Biederman model

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This text is part of: "I would never send my kids to school" by Piotr Wozniak (2017)

Pleasure of reading about the pleasure of reading

In 2006, Irving Biederman and Edward A. Vessel, published a paper that gave me unforgettable pleasure to read. The article itself explained the pleasure of reading to me. In a paper titled "Perceptual pleasure and the brain", Biederman hypothesized that a gradient of opioid receptors in brain structures responsible for visual perception might contribute to the pleasure of viewing nice scenes such as beautiful landscapes. Biederman's idea seemed to explain to me what I have known for ages: learning is pleasurable. I always liked to learn, however, I never truly understood what underlies my liking in terms of brain science. Biederman's explanation was a perfect fit and it was powerfully pleasurable. It explained something that bothered my mind for a longer while. At the moment of reading, I was very self-analytical. While reading about the pleasure of reading I was trying to "feel" how the enlightenment of reading provides the pleasure. The pleasure of reading about the pleasure of reading became unforgettable.

What Biederman and Vessel proposed is monumental. Let me therefore name their thinking for simplicity: the Biederman model (name choice by seniority). In visual perception, successive layers of neurons are responsible for more abstract representations of the visual scene. Metaphorically speaking, it starts from pixels and colors, then it moves on to edges, textures and surfaces, then to objects, then to faces, places, and collections, and then to meaningful episodic scenes that, at the end of the chain, may activate a representation of a "beautiful mountain", and be remembered as such with only a few details perpetuated beyond the first impression in working memory. Millions of pixels of a photograph will turn into a meaningful scene that can be verbalized in just a few sentences and remembered as such for years, at a very little neural cost.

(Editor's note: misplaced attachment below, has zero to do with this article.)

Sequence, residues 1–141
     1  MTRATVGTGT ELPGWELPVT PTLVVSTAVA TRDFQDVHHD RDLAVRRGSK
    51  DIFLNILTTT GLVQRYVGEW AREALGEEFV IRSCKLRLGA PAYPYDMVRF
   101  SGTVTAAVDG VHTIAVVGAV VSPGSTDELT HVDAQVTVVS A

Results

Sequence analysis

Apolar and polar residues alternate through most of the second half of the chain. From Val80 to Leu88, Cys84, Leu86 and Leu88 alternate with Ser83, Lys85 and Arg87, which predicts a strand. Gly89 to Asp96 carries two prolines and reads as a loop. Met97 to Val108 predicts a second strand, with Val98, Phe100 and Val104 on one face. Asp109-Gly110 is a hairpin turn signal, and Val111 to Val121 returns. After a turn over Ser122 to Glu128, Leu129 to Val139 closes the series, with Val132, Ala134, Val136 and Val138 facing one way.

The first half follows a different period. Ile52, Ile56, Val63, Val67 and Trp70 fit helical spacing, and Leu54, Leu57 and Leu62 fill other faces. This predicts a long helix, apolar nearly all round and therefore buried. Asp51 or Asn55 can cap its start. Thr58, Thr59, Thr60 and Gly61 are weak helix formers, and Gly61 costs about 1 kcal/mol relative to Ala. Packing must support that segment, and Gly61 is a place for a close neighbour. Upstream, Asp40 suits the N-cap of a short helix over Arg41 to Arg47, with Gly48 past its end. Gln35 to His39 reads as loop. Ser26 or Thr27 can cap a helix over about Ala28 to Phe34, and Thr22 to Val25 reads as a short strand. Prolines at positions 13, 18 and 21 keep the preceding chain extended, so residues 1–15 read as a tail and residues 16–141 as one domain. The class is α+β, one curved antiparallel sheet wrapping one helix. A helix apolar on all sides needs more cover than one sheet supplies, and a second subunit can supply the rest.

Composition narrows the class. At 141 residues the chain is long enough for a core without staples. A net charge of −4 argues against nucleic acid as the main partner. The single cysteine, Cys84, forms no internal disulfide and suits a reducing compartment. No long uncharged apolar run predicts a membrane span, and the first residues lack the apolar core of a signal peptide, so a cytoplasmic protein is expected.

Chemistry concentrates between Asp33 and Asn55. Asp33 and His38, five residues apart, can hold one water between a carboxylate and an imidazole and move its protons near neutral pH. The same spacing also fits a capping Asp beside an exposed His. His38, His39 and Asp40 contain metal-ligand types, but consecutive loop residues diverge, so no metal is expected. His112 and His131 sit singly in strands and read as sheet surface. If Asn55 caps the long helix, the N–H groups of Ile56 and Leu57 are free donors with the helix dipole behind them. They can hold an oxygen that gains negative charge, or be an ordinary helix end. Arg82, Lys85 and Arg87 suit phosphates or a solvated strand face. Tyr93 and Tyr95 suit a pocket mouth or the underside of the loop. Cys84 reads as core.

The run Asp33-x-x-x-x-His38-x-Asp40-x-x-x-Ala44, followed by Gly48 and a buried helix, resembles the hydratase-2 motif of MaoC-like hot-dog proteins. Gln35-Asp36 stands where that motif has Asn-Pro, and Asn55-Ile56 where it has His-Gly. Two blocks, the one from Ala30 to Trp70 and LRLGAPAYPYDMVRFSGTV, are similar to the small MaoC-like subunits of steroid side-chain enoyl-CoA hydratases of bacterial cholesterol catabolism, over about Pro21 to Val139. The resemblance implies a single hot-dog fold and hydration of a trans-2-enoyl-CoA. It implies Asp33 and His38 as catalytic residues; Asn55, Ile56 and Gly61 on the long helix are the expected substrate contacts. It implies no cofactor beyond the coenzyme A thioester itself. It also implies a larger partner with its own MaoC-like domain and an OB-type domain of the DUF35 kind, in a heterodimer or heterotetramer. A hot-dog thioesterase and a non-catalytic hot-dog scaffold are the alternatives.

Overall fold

Biederman model capitalizes on an earlier discovery (Michael E. Lewis et al., 1981) that there is a gradient of mu-opioid receptors along the visual perception pathway. The more meaning the neuron carries, the more opioid receptors it is likely to have. We know that opiates are rewarding and addictive. Biederman model is based on the hypothesis that this gradient of opioid receptors is the source of perceptive pleasure.

There is a similar hierarchical system for processing speech and music. A temporal cortex involves processing sounds from pitch to melody. The processing of the rhythm involves yet other areas of the brain. Chances are, all those perceptive networks work along similar principles. This is the study subject of neuroesthetics.

Opioid vs. dopamine pleasure

There is a slight problem with the Biederman model though. The pleasure of learning can be analyzed consciously. The pleasure of reading about Biederman model, in my own case, could be decomposed and tracked down to individual components of the model. This fact implies that the pleasure is integrated with conscious experience. Consciousness is a notoriously hard nut to crack for neuroscience. Most of what we know about consciousness is either speculative or based on hard and expensive experiments in which electrodes implanted in the brain can be used to elicits effects that can later, or concurrently, be reported by the affected individual. The evidence seems to be converging on the integrative model of consciousness in which an activation of several structures in the brain gets integrated and perceived as conscious self. In that line of thinking, activating a Halle Berry neuron somewhere in the cortex is not enough to bring Halle to one's consciousness. Millions of concept neurons can get activated at the same time and a thinking mind can only operate on a few pieces of the model of the perceived reality (see: attention). To bring Halle to one's mind, the activation must get integrated with other components of conscious perception, including the reward of the perception.

For those reasons, opioid receptors in cortical neurons will not do much for the ultimate reward of learning. An opiod antagonist, naloxone, can take away some of the pleasure of music in some people. However, the opioid pleasure of learning should rather produce a mild bliss of first-time micro-dose heroin or morphine use. In that sense, release of endomorphins and activation of opioid receptors can make a contribution to the pleasure of learning. Nevertheless, this pleasure isn't specific enough to give one a jolt of "wow!", "aha!" or "eureka!" (Biederman calls it "click of comprehension"). For that ultimate learning reward, there must be an integrative reward experience coming from the pleasure centers in the brain.

Pleasure of association